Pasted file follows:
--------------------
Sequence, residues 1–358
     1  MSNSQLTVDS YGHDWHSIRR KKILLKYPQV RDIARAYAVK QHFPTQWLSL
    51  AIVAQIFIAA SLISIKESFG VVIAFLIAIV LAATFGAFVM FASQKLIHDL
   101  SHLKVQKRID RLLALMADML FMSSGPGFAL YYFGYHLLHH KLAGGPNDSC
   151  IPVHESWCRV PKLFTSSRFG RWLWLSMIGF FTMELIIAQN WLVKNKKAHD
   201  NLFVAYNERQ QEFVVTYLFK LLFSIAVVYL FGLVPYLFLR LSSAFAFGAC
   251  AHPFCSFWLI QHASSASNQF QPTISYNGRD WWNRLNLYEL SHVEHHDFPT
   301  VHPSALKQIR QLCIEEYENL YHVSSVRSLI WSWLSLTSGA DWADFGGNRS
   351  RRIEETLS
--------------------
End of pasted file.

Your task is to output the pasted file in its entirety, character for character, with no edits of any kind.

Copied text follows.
Sequence, residues 1–358
     1  MSNSQLTVDS YGHDWHSIRR KKILLKYPQV RDIARAYAVK QHFPTQWLSL
    51  AIVAQIFIAA SLISIKESFG VVIAFLIAIV LAATFGAFVM FASQKLIHDL
   101  SHLKVQKRID RLLALMADML FMSSGPGFAL YYFGYHLLHH KLAGGPNDSC
   151  IPVHESWCRV PKLFTSSRFG RWLWLSMIGF FTMELIIAQN WLVKNKKAHD
   201  NLFVAYNERQ QEFVVTYLFK LLFSIAVVYL FGLVPYLFLR LSSAFAFGAC
   251  AHPFCSFWLI QHASSASNQF QPTISYNGRD WWNRLNLYEL SHVEHHDFPT
   301  VHPSALKQIR QLCIEEYENL YHVSSVRSLI WSWLSLTSGA DWADFGGNRS
   351  RRIEETLS